Quote of the Day 10-31-15 — Halloween/Witchcraft Edition

Posted: October 30, 2015 in Catholicism, Christianity, Religion
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Andrew Dickson White

“On the 7th of December, 1484, Pope Innocent VIII sent forth his bull Summis Desiderantes.  Of all documents ever issued from Rome, imperial or papal, this has doubtless, first and last, cost the greatest shedding of innocent blood. Yet no document was ever more clearly dictated by conscience. Inspired by the scriptural command, “Thou shalt not suffer a witch to live” [Ex. 22:18], Pope Innocent exhorted the clergy of Germany to leave no means untried to detect sorcerers, and especially those who by evil weather destroy vineyards, gardens, meadows, and growing crops. These precepts were based upon various texts of Scripture, especially upon the famous statement in the book of Job, and, to carry them out, witch-finding inquisitors were authorized by the Pope to scour Europe, especially Germany, and a manual was prepared for their use–The Witch Hammer, Malleus Maleficarum. . . . .

“With the application of torture to thousands of women, in accordance with the precepts laid down in the Malleus, it was not difficult to extract masses of proof for this sacred theory of meteorology. The poor creatures writhing on the rack, held in horror by those who had been nearest and dearest to them, anxious only for death to relieve their sufferings, confessed to anything and everything that would satisfy the inquisitors and judges. All that was needed was that the inquisitors should ask leading questions and suggest satisfactory answers. The prisoners, to shorten their sufferings, were sure sooner or later to give the answer required, even though they knew this would send them to the stake or scaffold. Under the doctrine of ‘excepted cases,’ there was no limit to torture for persons accused of heresy or witchcraft; even the safeguards which the old pagan world had imposed upon torture were thus thrown down, and the prisoner must confess.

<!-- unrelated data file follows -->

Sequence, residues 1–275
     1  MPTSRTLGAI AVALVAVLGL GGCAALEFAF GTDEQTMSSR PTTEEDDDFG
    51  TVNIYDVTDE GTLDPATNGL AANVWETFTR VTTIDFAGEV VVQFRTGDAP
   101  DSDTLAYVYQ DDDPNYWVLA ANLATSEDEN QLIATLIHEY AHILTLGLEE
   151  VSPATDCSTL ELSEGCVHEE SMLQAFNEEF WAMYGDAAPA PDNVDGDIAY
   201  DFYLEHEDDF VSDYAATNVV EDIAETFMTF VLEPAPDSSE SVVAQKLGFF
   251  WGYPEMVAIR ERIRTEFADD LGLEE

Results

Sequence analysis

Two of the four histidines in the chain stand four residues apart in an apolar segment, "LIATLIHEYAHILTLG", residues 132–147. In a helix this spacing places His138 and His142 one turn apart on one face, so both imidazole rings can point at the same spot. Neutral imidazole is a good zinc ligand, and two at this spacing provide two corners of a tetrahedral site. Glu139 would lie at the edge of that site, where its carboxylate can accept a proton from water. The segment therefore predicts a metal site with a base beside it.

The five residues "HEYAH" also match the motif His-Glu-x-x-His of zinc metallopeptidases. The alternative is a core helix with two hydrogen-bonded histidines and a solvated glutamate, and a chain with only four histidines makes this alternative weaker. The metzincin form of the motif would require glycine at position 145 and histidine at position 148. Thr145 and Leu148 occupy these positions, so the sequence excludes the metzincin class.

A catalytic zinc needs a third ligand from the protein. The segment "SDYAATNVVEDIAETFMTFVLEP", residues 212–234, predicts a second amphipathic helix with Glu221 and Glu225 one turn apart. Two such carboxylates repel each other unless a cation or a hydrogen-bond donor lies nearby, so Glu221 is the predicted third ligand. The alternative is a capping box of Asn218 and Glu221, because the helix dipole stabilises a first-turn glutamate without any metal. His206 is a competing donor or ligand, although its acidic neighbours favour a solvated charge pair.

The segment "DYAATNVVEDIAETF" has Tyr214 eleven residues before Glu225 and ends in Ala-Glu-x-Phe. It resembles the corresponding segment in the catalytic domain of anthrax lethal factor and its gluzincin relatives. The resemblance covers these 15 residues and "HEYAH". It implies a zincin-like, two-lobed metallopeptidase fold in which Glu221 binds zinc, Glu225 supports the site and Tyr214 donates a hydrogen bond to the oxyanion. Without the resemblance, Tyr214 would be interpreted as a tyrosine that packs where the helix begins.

“The theological literature of the Middle Ages was thus enriched with numberless statements regarding Satanic influence on the weather.”

–Andrew Dickson White, History of the Warfare Between Science and Theology

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